e.g. ‘The National Defense Education Act, Current STEM Initiative, and the Gifted‘, JL Jolly Ph.D, Gifted Child Today, 2009
“Terman’s longitudinal study of 1,500 gifted subjects illustrated that none had gained eminence in adulthood (Terman & Oden, 1959), but “for every genius there [were] hundreds of less eminent but highly competent men and women who also contribute[d] significantly to the nation’s intellectual progress” (Wolfe, 1951, p. 42).”

Terman, L. M., & Oden, M. H. (1959). The gifted group at mid-life: Thirty-five years’ follow-up of the superior child. Stanford, CA: Stanford University Press.

You get the point 🙂

Educational system is not fit for purpose – by design?

More than a few people have offered the opinion that the purpose of school is to prepare the next batch of unthinking voters and menial workers to keep the wheels of commerce oiled. The modern yokes of serfdom, as it were. Such luminaries as Noam Chomsky suggest this extends to universities. The changes in the system – spreading from the US and what he calls ‘the masters of men’ – is focused on churning out intelligent but obedient and indebted wage slaves. I concur.

Noam Chomsky Defines What It Means to Be a Truly Educated Person

To clarify, Chomsky paraphrases a “leading physicist” and former MIT colleague, who would tell his students, “it’s not important what we cover in the class; it’s important what you discover.”
O this point of view, to be truly educated means to be resourceful, to be able to “formulate serious questions” and “question standard doctrine, if that’s appropriate”. It means to “find your own way.”

These are not ‘real’ universities anymore. These are businesses with profit and high wages for admin in mind. They are an assembly line tool of corporations.

Now you essentially pay thousands for a textbook you can buy on Amazon for £20 (if the module even has a textbook, some just direct you to open sites like W3schools!), and you are expected to follow a checklist, preparing model answers in a standard report or essay format. All but whispered the answers.

“Critically think, yes, just only about the passages we tell you. Do not think outside the box.”

It’s like training chimps. You could learn more by reading “Dummies Guides” and Googling than you can ever learn in university. Sad, eh. They want you trained enough to do as needed, but no more.

Granted, the education system has little use for people who don’t fit in any of their narrow boxes, but a quick Google will still make the point.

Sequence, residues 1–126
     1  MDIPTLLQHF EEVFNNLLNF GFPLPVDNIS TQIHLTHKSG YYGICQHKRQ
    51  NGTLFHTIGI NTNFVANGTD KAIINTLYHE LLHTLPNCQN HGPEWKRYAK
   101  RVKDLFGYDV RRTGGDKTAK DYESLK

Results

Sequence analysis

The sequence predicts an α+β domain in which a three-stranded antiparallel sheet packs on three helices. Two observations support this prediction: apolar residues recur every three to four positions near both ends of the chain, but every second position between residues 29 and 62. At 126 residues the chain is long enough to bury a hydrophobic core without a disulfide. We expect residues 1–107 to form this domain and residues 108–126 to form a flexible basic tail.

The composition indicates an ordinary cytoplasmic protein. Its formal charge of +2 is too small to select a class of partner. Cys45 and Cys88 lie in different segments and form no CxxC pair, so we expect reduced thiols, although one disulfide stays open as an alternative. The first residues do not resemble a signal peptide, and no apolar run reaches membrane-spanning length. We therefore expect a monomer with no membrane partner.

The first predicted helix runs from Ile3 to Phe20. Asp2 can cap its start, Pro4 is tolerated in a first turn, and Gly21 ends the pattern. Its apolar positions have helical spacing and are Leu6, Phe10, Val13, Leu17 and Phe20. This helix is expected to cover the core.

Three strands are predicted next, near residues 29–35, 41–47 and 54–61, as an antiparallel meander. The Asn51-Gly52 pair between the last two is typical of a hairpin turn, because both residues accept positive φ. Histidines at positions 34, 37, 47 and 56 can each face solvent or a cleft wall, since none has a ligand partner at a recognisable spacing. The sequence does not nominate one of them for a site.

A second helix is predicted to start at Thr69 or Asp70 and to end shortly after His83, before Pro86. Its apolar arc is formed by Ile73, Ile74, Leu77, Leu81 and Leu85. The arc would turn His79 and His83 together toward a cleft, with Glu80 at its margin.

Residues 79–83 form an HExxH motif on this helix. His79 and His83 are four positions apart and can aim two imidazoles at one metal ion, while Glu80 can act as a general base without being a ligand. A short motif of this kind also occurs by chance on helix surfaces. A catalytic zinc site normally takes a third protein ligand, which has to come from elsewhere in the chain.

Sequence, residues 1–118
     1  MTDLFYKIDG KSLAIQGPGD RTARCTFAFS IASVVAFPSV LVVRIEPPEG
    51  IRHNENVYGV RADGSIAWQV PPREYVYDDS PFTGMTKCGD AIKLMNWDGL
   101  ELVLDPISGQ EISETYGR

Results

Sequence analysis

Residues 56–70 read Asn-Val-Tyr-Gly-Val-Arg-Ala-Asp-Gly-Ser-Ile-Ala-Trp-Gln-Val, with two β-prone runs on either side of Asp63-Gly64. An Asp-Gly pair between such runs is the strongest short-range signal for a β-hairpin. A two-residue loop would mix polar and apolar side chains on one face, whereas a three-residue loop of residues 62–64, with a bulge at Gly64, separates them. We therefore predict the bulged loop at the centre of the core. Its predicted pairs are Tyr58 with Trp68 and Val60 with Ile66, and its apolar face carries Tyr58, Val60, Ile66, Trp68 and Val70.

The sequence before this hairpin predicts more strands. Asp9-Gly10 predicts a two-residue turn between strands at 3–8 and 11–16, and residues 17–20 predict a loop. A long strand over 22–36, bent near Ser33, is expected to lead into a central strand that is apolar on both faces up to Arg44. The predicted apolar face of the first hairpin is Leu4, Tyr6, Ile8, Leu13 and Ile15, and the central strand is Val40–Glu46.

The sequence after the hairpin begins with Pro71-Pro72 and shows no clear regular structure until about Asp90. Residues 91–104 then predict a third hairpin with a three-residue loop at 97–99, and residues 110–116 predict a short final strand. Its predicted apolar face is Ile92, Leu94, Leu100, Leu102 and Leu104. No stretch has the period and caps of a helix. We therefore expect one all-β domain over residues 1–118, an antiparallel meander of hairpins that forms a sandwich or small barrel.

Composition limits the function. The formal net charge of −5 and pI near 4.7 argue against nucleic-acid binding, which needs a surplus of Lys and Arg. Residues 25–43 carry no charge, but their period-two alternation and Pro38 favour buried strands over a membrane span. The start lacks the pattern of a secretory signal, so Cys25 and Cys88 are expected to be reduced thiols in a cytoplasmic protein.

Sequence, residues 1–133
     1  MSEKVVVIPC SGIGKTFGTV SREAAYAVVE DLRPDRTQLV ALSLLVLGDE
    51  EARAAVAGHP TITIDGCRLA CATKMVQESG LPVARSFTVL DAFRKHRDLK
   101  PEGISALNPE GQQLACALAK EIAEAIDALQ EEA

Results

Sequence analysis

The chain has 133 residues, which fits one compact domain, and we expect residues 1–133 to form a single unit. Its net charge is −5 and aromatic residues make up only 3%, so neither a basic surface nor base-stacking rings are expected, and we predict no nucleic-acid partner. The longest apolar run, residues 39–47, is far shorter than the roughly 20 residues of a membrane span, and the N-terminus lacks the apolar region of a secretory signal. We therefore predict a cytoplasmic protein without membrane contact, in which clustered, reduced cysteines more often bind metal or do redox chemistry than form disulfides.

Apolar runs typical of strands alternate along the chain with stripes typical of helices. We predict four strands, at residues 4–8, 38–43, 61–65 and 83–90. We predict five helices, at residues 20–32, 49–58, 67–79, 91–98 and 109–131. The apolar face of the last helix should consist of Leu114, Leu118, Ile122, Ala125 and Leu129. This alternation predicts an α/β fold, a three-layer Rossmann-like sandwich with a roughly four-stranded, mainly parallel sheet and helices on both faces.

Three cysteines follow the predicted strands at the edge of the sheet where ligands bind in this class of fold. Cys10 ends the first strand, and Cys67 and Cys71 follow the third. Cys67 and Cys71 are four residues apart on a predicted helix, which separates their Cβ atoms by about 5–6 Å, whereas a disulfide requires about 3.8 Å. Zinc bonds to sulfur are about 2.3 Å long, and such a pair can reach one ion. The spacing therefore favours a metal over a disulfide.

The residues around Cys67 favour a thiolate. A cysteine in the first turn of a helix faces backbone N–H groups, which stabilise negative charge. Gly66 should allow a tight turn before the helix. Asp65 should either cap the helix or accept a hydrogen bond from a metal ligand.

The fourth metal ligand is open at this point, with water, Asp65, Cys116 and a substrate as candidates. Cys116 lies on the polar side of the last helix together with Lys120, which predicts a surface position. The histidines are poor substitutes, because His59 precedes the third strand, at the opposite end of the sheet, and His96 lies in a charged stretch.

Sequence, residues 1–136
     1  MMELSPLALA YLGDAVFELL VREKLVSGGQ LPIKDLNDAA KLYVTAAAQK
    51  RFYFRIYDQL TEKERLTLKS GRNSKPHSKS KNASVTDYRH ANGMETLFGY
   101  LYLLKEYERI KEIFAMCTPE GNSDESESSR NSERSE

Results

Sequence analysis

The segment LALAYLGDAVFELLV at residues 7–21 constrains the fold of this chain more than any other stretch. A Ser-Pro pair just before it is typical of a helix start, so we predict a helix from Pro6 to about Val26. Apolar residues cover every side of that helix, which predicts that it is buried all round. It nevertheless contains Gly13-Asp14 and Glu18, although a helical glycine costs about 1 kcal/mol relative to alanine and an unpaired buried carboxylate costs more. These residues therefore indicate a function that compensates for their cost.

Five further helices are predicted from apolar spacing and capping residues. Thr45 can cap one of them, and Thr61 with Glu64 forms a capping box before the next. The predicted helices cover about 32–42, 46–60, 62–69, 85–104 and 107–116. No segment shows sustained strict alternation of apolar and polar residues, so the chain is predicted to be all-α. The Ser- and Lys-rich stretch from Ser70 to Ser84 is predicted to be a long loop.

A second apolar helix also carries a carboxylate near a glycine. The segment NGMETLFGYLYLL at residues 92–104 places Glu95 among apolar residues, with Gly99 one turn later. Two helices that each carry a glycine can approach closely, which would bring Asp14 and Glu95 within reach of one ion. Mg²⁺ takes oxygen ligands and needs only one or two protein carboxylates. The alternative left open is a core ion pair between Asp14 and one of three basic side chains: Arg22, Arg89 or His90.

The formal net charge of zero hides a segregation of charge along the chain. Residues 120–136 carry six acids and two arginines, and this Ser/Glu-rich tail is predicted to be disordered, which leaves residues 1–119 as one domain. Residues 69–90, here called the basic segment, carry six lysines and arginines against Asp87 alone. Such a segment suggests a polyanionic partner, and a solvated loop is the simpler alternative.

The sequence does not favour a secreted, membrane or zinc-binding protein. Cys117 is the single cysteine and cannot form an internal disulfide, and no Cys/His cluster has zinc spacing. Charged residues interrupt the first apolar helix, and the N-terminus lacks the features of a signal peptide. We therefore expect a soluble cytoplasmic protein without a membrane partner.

This is what one of my lecturer’s told me:

In short, what I would be saying to you is to ‘play the game’ for this module and just do what has been asked of you, nothing more! A former OU colleague of mine used to say to students in a half-joking, half-serious manner that at this level of study you are not required to have your own thoughts… these are not really needed until PhD level.

The world is screaming out for artisans, plumbers, carpenters, and fitters. Solution? Cease all the old apprenticeship programmes.

The world (especially in 2020) is screaming out for nurses. Solution? Scrap the old tiered system, such as SEN and SRN and force the nurses to take a degree (or quit the profession). They didn’t want nurses and support staff who could deal with vomit and bedpans. They wanted nurses who could write reports. They didn’t want empathy, they wanted structure.

The world is screaming is for STEM. Solution? Push them aside for liberal arts, for degrees such as a Bachelor of Arts honours degree in hand embroidery or floral design.

Rinse and repeat at every turn. Competence replaced by mindless obedience, charts and reports. A world that manages to be ever more educated but similarly reduces people to mindless drones, fodder for the corporations and their merchandise.

If you have a spare hour, you might want to watch this video. He goes go on like a raving conspiracy nut at times, but it doesn’t mean he’s entirely wrong. Below, retired MIT professor Noam Chomsky has forcefully critiqued what he sees as a corporate attack on teaching institutions.




Though on a different topic, that of risk literacy, Gerd Gigerenzer also talks about how were are not taught how to think properly. I recommend you take the time to watch this one.



Closer to the mark, and at times humourously, Sir Ken Robinson asks, “Do schools kill creativity?



Smart is as smart does?

Another salient point is this:

If IQ measure intelligence and intelligent people can do the most unintelligent, irrational and even stupid things, what is intelligence?